Incretin users were younger, had higher A1C and longer duration of antihyperglycemic treatment, were more likely to be obese, and were more likely to have used antihyperglycemic therapy in the year prior to study analysis compared to those who received sulfonylureas. Fewer patients received incretin-based therapies as monotherapy (13.5%) compared with sulfonylurea (28.7%); 76% of subjects received incretin-based therapy in combination with metformin vs 67% who received sulfonylurea plus metformin. 


Click on slide thumbnail to view larger. Slide available for download in the slide library.
Acute Pancreatitis Risk With Incretin-Based Therapies Vs Sulfonylureas in Type 2 Diabetes: Design   
Acute Pancreatitis Risk With Incretin-Based Therapies
Vs Sulfonylureas in Type 2 Diabetes: Design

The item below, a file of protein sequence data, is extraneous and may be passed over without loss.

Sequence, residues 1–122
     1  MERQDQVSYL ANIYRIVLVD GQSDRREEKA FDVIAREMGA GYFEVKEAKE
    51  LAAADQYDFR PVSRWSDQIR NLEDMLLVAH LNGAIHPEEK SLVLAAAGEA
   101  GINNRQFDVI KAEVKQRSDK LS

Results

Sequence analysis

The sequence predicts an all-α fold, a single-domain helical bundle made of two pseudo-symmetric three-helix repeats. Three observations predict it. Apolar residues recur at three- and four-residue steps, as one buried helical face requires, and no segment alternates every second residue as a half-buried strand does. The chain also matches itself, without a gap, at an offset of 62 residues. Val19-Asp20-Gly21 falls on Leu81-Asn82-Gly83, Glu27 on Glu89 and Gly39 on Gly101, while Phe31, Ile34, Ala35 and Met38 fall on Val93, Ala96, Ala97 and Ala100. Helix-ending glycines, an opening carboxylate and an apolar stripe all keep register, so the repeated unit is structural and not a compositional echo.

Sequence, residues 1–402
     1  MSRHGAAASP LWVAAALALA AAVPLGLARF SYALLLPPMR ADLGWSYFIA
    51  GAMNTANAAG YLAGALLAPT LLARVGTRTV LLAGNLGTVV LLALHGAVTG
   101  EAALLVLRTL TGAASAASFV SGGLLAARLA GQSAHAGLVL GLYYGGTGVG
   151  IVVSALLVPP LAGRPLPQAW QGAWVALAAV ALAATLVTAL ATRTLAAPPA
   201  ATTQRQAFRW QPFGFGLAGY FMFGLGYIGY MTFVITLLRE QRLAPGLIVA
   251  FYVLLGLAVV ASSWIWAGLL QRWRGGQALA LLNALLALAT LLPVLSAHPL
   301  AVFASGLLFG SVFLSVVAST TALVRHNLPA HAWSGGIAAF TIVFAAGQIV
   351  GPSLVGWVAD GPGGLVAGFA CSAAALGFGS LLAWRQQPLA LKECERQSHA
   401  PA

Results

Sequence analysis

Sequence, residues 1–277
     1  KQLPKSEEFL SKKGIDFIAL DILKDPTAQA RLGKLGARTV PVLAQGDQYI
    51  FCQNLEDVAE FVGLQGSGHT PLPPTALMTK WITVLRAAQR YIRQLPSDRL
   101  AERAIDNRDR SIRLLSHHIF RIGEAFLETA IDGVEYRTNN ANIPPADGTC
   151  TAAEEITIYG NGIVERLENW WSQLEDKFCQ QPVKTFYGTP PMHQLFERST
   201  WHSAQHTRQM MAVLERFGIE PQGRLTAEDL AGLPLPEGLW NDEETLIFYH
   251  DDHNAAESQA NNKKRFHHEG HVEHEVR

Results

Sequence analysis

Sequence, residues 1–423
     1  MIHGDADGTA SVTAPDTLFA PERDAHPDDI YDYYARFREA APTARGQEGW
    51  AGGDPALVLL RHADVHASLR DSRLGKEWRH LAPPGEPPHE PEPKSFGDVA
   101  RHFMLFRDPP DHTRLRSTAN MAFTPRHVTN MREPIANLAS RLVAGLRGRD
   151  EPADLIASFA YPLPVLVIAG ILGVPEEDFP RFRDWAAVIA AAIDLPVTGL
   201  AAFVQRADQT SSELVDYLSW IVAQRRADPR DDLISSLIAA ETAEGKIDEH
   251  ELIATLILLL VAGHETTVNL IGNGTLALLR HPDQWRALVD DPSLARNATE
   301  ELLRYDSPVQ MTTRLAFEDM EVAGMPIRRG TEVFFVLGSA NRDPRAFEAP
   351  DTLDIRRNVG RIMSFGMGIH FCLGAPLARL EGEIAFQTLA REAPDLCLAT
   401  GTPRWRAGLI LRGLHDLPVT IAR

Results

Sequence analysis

*Adjusted for tenths of high dimensional propensity score and year of cohort entry
Not FDA approved for use in the United States

Related content: 

Conference coverage from EASD 2013: No Pancreatic Risk in DPP-4 Cardiovascular Safety Studies (Login required)

  

Any pharmacologic agents discussed are approved for use in the United States by the U.S. Food and Drug Administration (FDA) unless otherwise noted. Consult individual prescribing information for approved uses outside of the United States. 

May 2014 

This overview was created by KnowledgePoint360 Group, LLC, and was not associated with funding via an educational grant or a promotional/commercial interest.  

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Last Modified: 8/4/2014